RideAustin, a new TNC, Rides into Town

May 23, 2016 by Kate Harrington

File under “that didn’t take long” – a group of Austin entrepreneurs has announced that they will launch a new, Austin-centric transportation network company (TNC), similar to Uber and Lyft, in June.

RideAustin is a collaboration led by Joe Liemandt of Trilogy and Andy Tryba of Crossover Markets Inc., the Austin Business Journal reported on May 23. The new nonprofit will start originating its rides in downtown Austin and the Austin Bergstrom International Airport at first, and then gradually expand. The app – for both riders and drivers – will launch first on iOS, with plans for an Android version to be released in July.

RideAustin’s announcement comes two weeks after Uber and Lyft left Austin on the heels of a citywide vote that meant a new set of regulations, including fingerprinting, would be put in place for TNCs. Since that vote, other TNCs have also been gearing up service, including GetMe, Wingz (for airport service), and Fare.

In a statement released Monday, Liemandt said “After Prop 1, Uber and Lyft basically abandoned the market and the workforces they had spent millions to build. They left a factory overnight with the machines running and the workers standing by.”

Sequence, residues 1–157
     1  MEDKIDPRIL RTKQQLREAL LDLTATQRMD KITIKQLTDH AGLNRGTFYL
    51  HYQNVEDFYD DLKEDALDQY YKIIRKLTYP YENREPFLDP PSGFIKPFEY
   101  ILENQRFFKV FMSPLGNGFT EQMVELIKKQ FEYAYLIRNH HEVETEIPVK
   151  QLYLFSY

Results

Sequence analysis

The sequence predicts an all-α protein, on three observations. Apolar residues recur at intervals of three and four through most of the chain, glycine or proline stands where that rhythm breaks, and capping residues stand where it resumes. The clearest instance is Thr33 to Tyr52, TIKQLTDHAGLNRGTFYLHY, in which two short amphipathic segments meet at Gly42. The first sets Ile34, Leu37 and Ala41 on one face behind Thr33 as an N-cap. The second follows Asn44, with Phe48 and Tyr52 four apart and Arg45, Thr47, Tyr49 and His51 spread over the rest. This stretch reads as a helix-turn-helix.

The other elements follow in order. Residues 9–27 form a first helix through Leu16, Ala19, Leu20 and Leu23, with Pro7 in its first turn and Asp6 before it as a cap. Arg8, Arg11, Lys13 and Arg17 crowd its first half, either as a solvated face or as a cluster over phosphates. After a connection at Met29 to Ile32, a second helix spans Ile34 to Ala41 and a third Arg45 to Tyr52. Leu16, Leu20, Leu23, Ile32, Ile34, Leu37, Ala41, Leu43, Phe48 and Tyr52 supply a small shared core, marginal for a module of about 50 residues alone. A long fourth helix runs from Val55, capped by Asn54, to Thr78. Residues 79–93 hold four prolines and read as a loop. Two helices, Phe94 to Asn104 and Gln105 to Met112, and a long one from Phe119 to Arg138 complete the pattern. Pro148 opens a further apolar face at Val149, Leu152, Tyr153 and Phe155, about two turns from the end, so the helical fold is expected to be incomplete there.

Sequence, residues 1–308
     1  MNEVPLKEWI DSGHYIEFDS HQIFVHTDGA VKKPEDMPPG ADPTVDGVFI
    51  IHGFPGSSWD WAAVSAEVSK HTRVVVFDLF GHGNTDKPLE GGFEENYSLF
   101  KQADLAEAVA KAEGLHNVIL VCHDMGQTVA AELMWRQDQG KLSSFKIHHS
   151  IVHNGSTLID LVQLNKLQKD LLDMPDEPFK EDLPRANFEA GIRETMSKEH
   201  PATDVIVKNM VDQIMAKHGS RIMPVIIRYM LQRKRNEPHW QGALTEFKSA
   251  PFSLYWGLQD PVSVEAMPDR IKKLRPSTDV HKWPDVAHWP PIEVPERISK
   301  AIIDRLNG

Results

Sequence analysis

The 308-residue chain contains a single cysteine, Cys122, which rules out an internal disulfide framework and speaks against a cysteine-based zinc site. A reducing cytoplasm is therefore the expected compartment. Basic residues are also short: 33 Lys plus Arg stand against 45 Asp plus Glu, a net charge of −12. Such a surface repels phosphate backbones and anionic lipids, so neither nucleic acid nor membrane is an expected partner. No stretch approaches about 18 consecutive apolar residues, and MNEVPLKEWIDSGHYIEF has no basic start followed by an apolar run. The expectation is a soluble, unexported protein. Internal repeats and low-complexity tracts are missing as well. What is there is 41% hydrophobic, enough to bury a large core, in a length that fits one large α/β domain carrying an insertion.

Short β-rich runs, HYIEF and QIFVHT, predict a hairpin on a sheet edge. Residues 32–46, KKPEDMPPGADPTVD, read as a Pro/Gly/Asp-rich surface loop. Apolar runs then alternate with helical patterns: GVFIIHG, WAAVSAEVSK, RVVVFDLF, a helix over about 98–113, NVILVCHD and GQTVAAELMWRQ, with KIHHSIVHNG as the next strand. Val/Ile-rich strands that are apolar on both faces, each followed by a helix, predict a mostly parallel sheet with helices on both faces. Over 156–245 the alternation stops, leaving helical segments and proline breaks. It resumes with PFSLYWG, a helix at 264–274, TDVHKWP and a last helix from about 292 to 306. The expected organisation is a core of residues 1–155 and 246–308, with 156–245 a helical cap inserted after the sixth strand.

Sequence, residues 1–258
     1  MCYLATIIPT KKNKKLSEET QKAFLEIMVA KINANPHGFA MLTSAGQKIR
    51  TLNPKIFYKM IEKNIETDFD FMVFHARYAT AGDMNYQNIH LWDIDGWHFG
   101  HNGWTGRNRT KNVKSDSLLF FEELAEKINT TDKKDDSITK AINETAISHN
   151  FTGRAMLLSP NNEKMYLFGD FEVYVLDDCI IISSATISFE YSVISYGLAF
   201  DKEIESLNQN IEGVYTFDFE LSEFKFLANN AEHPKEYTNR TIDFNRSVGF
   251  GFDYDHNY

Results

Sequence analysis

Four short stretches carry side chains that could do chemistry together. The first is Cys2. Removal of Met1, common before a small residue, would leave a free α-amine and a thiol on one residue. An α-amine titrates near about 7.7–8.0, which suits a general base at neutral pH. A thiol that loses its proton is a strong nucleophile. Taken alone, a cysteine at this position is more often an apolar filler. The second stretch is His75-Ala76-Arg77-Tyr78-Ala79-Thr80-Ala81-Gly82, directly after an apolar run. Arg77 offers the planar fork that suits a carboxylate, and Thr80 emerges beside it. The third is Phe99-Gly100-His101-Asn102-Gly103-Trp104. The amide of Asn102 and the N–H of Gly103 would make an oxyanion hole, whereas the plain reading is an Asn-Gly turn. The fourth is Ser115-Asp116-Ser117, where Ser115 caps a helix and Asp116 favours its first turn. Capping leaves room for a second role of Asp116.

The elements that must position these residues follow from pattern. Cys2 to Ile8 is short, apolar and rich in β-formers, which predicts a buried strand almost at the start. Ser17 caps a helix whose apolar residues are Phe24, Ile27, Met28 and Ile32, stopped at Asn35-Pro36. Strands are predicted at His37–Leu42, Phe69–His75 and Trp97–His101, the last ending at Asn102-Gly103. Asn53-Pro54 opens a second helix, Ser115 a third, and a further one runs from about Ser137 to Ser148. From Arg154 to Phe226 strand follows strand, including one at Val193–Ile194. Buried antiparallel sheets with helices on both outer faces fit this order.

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RideAustin’s founders said that making the new venture a nonprofit will allow drivers to earn more and riders to pay less, and will also let riders choose to contribute part of their fare to an Austin charity of their choice.

“We designed RideAustin from the beginning to be for the community by the community,” the RideAustin website says. “There are a charities lot of great in Austin that we feel should also benefit from ridesharing. By making it easy for people to ’round up’ their fares – we can provide local charities contributions on an ongoing basis.  Our charitable work will eventually include free and reduced priced rides to low income elderly and the disabled.”

RideAustin has also been specifically designed to follow the new ordinance that requires, among other things, fingerprint-based background checks, its founders say. It’s an interesting twist, given that Liemandt was a donor toward the effort at ousting District 5 Council member Ann Kitchen. Kitchen was one of the main voices behind the new regulations that Uber and Lyft left Austin over.

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Written by Kate Harrington

Kate is a former reporter, most recently for the Austin Business Journal, where she covered real estate, economic development and transportation. Since 2010 she has been running Thumbtack Communications. Thumbtack provides writing, editing and marketing services. Before moving to Austin in 2002 Kate lived in her native New England, which she still visits often to escape the Texas heat.